This gorgeous picture book would be suitable for Prep through to perhaps Year 3 or 4 and offers some wonderful teaching opportunities around figurative language eg: alliteration – Road made him free, fast and fizzy. Roof made him sad, slow and stuck. The illustrations and text allow opportunities around fracturing the text or re-creating a class version based upon some local bird species. Students could have fun in recording their own song versions on MP3 and narrating their own version on EasiSpeak microphones. Using digital images of birds or taking photos and then uploading the images into a great iPad app called ComicStrip and adding their own captions of Lorkie and Brian talking. The ideas around innovating this text are endless. Another great website is Blabberize where you could upload a bird image and then make him talk by recording your own voice – students would have loads of fun creating their very own talking/singing Lorkie! An endearing story with whimsical, colourful illustrations bound to capture the attention of any lower school student.
Lisa Noonan, Sandy Strait State School, Hervey Bay, QLD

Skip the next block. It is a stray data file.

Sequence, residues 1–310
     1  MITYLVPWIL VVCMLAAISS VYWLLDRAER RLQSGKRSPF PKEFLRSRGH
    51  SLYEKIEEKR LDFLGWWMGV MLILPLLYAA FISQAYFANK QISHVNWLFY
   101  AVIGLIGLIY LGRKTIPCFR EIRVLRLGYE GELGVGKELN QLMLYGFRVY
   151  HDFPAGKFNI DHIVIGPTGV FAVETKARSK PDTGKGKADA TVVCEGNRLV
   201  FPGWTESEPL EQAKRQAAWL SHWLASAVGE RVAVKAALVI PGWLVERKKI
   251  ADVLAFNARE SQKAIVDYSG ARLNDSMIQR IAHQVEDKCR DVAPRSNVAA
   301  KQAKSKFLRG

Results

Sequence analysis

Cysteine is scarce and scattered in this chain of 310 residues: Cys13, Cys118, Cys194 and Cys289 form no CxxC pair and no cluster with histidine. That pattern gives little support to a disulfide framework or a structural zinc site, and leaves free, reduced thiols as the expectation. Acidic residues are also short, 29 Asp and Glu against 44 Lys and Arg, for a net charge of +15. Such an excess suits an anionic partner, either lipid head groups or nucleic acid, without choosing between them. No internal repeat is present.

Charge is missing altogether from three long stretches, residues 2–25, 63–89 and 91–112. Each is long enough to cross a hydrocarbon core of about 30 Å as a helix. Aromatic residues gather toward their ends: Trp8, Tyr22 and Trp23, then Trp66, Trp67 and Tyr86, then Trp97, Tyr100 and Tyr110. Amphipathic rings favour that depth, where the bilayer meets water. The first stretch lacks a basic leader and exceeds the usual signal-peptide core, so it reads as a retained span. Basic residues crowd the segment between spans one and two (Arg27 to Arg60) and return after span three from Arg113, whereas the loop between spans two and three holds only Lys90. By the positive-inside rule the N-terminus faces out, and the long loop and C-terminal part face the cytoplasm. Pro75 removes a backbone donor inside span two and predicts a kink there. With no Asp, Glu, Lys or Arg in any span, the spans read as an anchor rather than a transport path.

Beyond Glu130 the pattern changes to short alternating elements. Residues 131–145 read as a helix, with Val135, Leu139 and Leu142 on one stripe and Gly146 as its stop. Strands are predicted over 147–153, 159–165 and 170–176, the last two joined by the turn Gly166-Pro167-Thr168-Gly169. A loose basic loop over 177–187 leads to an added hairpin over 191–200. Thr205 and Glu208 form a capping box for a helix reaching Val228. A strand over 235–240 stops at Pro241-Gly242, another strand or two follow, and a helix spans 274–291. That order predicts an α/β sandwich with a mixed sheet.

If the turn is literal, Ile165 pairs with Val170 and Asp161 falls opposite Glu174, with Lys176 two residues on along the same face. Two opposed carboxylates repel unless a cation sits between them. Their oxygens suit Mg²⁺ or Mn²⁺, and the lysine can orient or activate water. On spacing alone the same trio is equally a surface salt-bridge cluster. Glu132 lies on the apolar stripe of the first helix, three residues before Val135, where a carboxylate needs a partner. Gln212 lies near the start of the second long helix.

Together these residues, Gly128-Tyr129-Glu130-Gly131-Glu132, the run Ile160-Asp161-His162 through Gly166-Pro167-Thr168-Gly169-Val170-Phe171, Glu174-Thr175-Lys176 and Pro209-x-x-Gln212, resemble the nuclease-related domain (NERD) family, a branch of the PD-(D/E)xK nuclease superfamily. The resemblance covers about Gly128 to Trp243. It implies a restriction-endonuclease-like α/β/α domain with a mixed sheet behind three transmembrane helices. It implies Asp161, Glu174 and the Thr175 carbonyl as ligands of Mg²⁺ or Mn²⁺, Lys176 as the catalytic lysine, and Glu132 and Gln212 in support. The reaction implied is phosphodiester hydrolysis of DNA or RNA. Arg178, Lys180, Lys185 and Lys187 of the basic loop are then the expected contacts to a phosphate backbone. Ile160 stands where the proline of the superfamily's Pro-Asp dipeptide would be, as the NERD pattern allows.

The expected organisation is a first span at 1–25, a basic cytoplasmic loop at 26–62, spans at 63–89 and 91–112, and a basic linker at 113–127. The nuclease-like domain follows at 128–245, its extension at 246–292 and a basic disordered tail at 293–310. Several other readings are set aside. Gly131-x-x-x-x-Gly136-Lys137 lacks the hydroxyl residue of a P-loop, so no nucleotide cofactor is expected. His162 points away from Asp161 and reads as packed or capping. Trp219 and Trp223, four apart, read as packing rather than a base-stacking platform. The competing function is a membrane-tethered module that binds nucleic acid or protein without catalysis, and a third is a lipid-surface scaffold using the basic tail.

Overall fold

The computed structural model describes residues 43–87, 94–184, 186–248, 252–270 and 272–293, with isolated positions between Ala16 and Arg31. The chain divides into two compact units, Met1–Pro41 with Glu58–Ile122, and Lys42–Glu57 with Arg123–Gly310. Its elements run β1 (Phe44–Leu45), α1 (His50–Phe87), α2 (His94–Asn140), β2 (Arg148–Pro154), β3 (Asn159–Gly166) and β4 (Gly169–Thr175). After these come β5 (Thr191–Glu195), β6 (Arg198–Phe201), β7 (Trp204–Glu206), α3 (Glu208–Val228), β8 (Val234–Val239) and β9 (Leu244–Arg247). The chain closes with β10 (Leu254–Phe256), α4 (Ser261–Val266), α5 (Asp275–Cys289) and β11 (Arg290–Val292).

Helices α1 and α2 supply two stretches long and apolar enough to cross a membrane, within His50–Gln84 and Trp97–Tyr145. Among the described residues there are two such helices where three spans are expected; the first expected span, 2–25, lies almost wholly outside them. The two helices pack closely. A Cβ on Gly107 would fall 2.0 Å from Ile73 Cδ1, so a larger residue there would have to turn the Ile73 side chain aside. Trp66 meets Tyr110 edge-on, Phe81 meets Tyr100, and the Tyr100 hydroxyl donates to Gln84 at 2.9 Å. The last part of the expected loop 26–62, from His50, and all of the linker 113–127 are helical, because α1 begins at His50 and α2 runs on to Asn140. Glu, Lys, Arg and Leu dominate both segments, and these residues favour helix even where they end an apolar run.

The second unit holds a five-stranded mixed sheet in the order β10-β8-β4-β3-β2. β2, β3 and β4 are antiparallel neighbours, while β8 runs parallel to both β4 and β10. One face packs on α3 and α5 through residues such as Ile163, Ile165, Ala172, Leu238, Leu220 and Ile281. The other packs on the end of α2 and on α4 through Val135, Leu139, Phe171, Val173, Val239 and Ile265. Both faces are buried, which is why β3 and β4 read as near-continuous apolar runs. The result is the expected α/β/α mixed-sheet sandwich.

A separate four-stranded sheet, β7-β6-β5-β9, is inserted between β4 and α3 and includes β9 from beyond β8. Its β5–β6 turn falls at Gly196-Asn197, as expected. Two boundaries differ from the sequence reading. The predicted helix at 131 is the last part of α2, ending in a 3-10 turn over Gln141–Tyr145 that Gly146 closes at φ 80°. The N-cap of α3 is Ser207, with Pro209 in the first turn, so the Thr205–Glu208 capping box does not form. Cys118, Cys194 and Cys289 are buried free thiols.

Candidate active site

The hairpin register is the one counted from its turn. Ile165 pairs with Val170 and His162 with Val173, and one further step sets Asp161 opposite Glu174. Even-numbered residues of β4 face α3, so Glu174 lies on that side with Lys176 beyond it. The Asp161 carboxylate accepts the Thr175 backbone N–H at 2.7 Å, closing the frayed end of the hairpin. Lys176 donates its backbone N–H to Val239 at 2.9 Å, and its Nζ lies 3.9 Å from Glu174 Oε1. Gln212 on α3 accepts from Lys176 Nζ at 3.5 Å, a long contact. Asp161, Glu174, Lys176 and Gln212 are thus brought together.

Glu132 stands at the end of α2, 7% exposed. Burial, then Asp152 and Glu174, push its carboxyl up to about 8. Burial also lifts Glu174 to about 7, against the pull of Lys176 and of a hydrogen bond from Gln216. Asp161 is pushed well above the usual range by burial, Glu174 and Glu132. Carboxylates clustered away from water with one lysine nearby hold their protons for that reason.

A Song for Lorkie is a beautiful story. The illustrations are very colourful, creative and imaginative. Making this story a pleasure to read especially y to a class of five year olds, who love big pictures. A Song for Lorkie is about a roof bird called Lorkie, who has a best friend Brian. Brian and Lorkie have been friends since eggs. Lorkie loves where he lives, he likes Brian, he likes the clickers that buzz around and he really enjoys watching the rooflings hop about practicing to make nests. However he loves the road, it makes him feel free. The rooftops make Lorkie feel a little sad and he feels stuck. Lorkie decides to go and makes a new home smack bang in the middle of the Argy-Bargy roundabout among the lollipop trees. There is one thing missing: he is lonely. One day Lorkie notices something in the tree; it is a very silent bird. A very sweet bird. Sweetheart, Brian’s sister, is waiting for him.